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This column was reprinted by permission of L. Brent Bozell and Creators Syndicate. To reprint this or any of his twice weekly syndicated columns, please contact Creators Syndicate at (310) 337-7003 ext. 110





 L. Brent Bozell


Murtha Scandal Time Arrives

by L. Brent Bozell III
November 21, 2006
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For most of the last year, Congressman John Murtha has been placed on a pedestal by the major media, painted in red, white, and blue hues as a "hawkish" Democrat who courageously declared we needed to "redeploy" (read: withdraw) from Iraq.

The oohs and aahs began last November. "All of Washington listened," announced CBS's Bob Schieffer, since "on military matters, no Democrat in Congress is more influential." Murtha's words "followed President Bush halfway around the world," boasted NBC anchor Brian Williams. CNN's Bill Schneider declared Murtha's withdrawal mantra as the "Political Play of the Week," suggesting it might turn out to be a tipping point just as delicious as Walter Cronkite's call to get out of a "stalemate" in Vietnam.

Months before the midterm elections, this new media-anointed hero announced he would run for the post of House Majority Leader under a potential Speaker Pelosi. During that time, Democrats were hammering a so-called Republican "culture of corruption," with Pelosi pledging to "drain the swamp" of the majority's ruinous ways in Washington. But the national media didn't exactly wonder how Pelosi would square fighting corruption with installing someone thoroughly tainted with that odor of corruption - John Murtha.

In January, the Cybercast News Service reported a story that made Murtha's ethical problems clear. In a 1980 video of the FBI's Abscam sting investigation, Murtha told the FBI agents posing as Arabs that he wouldn't take money up front, but might "change his mind" later "after we've done some business." In the end, he was listed as an unindicted co-conspirator. He wasn't convicted of a crime, or even charged, but the tape makes clear that Murtha was amenable to making corrupt deals if the right circumstances emerged.

So what did the media do? They largely ignored these charges as they touted Murtha's plausibility as a voice against the war. On the networks, Murtha was interviewed as a great sage, and Abscam went unmentioned. In June on NBC's "Meet the Press," Tim Russert discussed Murtha's run for the House Democratic leadership, but when it came to ethics, Russert only mentioned that "Some Democrats have pointed out that you were just one of four Democrats to vote against lobbying reform." Nada on Abscam.

As the elections drew closer, Murtha gained more interviews, but ethics questions were rare. ABC's George Stephanopoulos was the only broadcast-TV interviewer who used the word "Abscam" before the election, on his Sunday show on October 1: "I am starting to hear from Democrats who worry that having you as leader will send the wrong message. They point to your involvement in the Abscam scandal two decades ago." Murtha claimed they showed him the money, and he said he didn't want it. That's not exactly what the tape showed, and he knew it, of course.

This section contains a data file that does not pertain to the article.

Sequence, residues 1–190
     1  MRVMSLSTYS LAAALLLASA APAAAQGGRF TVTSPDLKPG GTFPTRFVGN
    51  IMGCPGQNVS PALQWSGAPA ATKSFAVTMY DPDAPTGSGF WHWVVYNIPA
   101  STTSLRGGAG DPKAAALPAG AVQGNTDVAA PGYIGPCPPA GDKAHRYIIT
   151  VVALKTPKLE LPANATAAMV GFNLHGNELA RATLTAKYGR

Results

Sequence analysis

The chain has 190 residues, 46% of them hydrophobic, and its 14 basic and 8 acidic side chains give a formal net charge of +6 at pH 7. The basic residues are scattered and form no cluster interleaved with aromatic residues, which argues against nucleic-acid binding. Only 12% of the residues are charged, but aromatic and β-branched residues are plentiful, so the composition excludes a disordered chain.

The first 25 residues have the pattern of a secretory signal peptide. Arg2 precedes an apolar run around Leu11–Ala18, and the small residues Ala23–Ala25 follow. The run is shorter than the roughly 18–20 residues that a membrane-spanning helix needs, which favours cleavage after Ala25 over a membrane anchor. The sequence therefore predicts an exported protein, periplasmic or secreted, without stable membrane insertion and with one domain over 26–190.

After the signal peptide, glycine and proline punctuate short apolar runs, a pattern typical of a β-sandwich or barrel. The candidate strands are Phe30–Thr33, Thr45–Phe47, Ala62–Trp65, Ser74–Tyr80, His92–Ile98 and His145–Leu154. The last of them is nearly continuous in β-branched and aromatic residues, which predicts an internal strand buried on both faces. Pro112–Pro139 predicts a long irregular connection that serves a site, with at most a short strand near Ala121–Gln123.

CBS was especially kind to Murtha late in the game. On the October 29 "Face the Nation," Schieffer was still on the boosters' bandwagon. He offered no question on the Democrat leadership race or Abscam, just anti-war softballs such as: "We keep hearing from people who say the American military is turning against the war. Now, you have a lot of contacts in the military community. Do you think there's anything at all to that?" Even after the election, with Democrats ascendant, CBS anchor Katie Couric was still syrupy with Murtha, lamenting that he had been called a "defeatocrat" and a "liberal turncoat." She asked, "Did you feel vindicated last Tuesday?"

Then, suddenly, the day after Couric's shoeshine, the front page of the Washington Post raised the Abscam scandal and warned that Murtha was damaged goods, and that Pelosi's backing of Murtha clashed with her vow to make this the most ethical Congress ever. The Post editorial page also endorsed his opponent, Maryland's Steny Hoyer, for Majority Leader. The next day, Post columnist Ruth Marcus began her anti-Murtha column: "The videotape is grainy, dark and devastating."

NBC's Lisa Myers reported a story with the old videotape, complete with pro- and anti-Murtha soundbites on his ethics. They were alone among the major networks. CBS aired nothing on the race before it was over. ABC only aired two perfunctory morning-show anchor briefs and an evening mention by George Stephanopoulos before Murtha was defeated. On the night of Murtha's loss, both ABC and CBS discussed how it didn't look good for Pelosi, but even then, neither could be prodded to mention Abscam.

In the final analysis, the networks pulled out this historical chestnut only when it became unavoidable, and certainly not while it might help dreaded Republicans in the midterms. The question they've yet to ask, however, is this: What right does Speaker Pelosi have to denounce the GOP "culture of corruption" when she tries to appoint, as the second most powerful leader in the House, and her top lieutenant, a clearly corruptible man?


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